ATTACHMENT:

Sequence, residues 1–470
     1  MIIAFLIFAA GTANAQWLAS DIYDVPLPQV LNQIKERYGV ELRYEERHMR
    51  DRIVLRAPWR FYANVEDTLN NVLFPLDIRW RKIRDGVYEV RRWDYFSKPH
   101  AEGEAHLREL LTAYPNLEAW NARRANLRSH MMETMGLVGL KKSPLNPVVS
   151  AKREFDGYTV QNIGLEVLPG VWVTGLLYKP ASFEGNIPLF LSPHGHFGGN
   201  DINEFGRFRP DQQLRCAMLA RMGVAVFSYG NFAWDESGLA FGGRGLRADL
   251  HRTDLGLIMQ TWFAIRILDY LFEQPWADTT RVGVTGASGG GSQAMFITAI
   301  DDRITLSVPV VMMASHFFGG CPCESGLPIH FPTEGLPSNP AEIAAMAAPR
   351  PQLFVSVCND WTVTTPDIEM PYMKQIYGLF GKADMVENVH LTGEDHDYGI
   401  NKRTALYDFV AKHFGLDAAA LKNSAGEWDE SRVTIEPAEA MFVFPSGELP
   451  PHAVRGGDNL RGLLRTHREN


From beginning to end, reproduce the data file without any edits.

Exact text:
Sequence, residues 1–470
     1  MIIAFLIFAA GTANAQWLAS DIYDVPLPQV LNQIKERYGV ELRYEERHMR
    51  DRIVLRAPWR FYANVEDTLN NVLFPLDIRW RKIRDGVYEV RRWDYFSKPH
   101  AEGEAHLREL LTAYPNLEAW NARRANLRSH MMETMGLVGL KKSPLNPVVS
   151  AKREFDGYTV QNIGLEVLPG VWVTGLLYKP ASFEGNIPLF LSPHGHFGGN
   201  DINEFGRFRP DQQLRCAMLA RMGVAVFSYG NFAWDESGLA FGGRGLRADL
   251  HRTDLGLIMQ TWFAIRILDY LFEQPWADTT RVGVTGASGG GSQAMFITAI
   301  DDRITLSVPV VMMASHFFGG CPCESGLPIH FPTEGLPSNP AEIAAMAAPR
   351  PQLFVSVCND WTVTTPDIEM PYMKQIYGLF GKADMVENVH LTGEDHDYGI
   401  NKRTALYDFV AKHFGLDAAA LKNSAGEWDE SRVTIEPAEA MFVFPSGELP
   451  PHAVRGGDNL RGLLRTHREN